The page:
- Michael Thompson
“Oh, Michael, it’s so disappointing! I’d guestimate that eight percent of the guys I’ve chatted with — after offering an extremely low-hanging piece of fruit — have responded with the words I’m looking to hear.”
My friend Marta recently began dating again after a bit of a hiatus and decided to give the online world a shot. Like most people, she’s got a lot going on and the last thing she wanted to do was play a numbers game. As a result, she sat down to identify a way to effectively vet the guys who showed interest.
“Whenever someone I’m chatting with asks me what I’m up to, I tell them I’m reading,” she told me. “All they have to do to keep the conversation going is ask me which book!”
Marta then went on to tell me that no matter how many other boxes someone may check, if their knee-jerk reaction isn’t to talk books for a few minutes, she’s not wasting another minute of her time on them.
Who we decide to let into our lives is one of the most important decisions we make on a regular basis. I’ve never personally done the online dating thing and I hope my ten-year marriage lasts another hundred and seven. But like Marta, I don’t have the time or headspace to let every person that comes into my life become a part of my life.
In addition to what Marta so eloquently described as “The Moron Test,” and other more typical ones like imagining you had to sit next to someone on a plane, below are three other suggestions to better navigate the often slippery slope of deciding who to spend your time with.
The “Two Beers and a Puppy” test
When thinking about someone, ask yourself the following questions: “Would I share two beers with this person?” and “Would I allow this person to look after my puppy for a weekend?”
Some people will be an automatic no and no, and if that’s the case, they should be avoided at all costs.
Other people, however, can be a bit trickier. If it’s a yes and a no, according to Ross, you should cautiously trust them, whereas the people who are a yes and a no, despite being good for humanity, may not be someone you want to commit to spending long periods of time with.
Lastly, you have the people who are a resounding yes and yes, and you probably don’t need Ross to tell you that you should enjoy and spend as much time as humanly possible with these people.
The “11 p.m. Phone Call” test
A Hollywood executive presented Anthony Bourdain and his business partners an opportunity that would have made them all filthy rich. Before jumping at it, however, Bourdain pulled his team aside and asked his team a simple question — “If your phone rang at 11 p.m., would you want it to be that guy on the other end?” Without hesitation, despite the hefty payday, they all said “No way!” and decided to walk away.
“I want to keep the assholes in my life to an absolute minimum, if not zero. That’s worth real, real money — to not have assholes in your life.” — Anthony Bourdain
Like a lot of people, I get tunnel vision when presented with opportunities. Instead of taking the proper time to clarify my feelings for the person in front of me, I have a tendency to follow my lust. Needless to say, this has caused quite a few headaches in my life. Being conned out of $250,000 thirteen years ago still comes immediately to mind.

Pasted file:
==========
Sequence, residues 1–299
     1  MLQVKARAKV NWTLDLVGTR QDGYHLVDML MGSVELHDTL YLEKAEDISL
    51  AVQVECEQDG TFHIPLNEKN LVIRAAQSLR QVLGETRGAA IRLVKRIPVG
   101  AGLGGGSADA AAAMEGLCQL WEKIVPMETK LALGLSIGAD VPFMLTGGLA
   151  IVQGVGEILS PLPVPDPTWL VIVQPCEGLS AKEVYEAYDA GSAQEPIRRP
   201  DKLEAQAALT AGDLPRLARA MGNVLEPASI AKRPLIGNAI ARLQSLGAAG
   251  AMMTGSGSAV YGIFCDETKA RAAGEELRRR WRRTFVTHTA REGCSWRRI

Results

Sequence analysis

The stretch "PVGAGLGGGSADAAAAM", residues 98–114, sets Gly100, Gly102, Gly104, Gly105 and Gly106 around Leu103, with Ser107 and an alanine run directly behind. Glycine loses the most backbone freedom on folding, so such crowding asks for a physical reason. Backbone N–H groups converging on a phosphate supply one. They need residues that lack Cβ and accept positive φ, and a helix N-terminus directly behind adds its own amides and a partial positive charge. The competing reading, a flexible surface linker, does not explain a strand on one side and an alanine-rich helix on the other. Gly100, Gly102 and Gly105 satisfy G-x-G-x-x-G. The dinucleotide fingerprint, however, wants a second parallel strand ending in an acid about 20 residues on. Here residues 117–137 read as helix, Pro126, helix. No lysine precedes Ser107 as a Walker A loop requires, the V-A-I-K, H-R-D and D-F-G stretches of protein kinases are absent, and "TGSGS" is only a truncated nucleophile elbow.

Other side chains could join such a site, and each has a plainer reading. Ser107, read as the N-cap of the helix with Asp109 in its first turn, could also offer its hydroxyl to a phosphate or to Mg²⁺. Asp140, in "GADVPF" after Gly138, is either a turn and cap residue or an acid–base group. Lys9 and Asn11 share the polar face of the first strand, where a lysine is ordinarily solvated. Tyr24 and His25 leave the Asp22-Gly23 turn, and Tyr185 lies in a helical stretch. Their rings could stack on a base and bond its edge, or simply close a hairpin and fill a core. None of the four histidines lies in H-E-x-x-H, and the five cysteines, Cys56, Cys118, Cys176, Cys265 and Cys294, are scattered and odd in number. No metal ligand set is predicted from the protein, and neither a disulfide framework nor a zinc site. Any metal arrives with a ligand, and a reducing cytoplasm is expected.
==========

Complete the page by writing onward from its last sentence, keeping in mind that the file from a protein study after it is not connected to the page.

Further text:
We’re all going to be presented with opportunities in our lives. But keep in mind the world is full of people who know how to pull at your emotions to get what they want. So before jumping, steal a line from Bourdain and imagine how you’d feel if they called you late at night.
If you think you’d hesitate or your stomach drops even an eighth of an inch, it’s a sign you may want to do some digging to get crystal clear on what it is about the person that’s turning you off.
Quick but important aside —
Whenever anyone says something like “It’ll be easy money,” run. There’s a good shot that I’d be retired at the old age of 42 if I hadn’t fallen for that god-awful phrase.
The “Can’t Say Seven” test
I stumbled upon this exercise when reading “Tribe of Mentors” from author Tim Ferriss a few years ago. Upon learning about it, I immediately began to use it to prioritize my work and interestingly enough, make more sales. But it’s also an extremely valuable resource for deciding who to prioritize.
In short, when thinking about someone, do the standard “on a scale of 1 to 10” test, but instead of defaulting to “7” like a lot of people do when they’re being indecisive or don’t want to commit, listen hard to your gut and give a 6 or an 8.
It’s only a simple movement in one direction or the other. But it can help you determine who’s better off as a casual acquaintance from those you want to spend more time with.
Much like the “Two Beers and a Puppy” test, this exercise isn’t bulletproof. Some people need time to reveal their true selves and it’s not always easy to assign a number to someone’s name. But the last thing you want to realize when you’re old and grey is you settled for good instead of chasing great.
Pulling it together
My friend Fred offered a solid suggestion also. When thinking about who to prioritize, he simply asks himself how good of a listener someone is. This is for the simple fact that if someone doesn’t listen to him, it’ll only be a matter of time before he doesn’t want to listen to them. I think the “First Days of the Pandemic Friendship” test is pretty clever too.
But I’d love to know your thought process for deciding who you spend your time with down below.
Like comedian Chris Rock said, “The company you keep is everything!”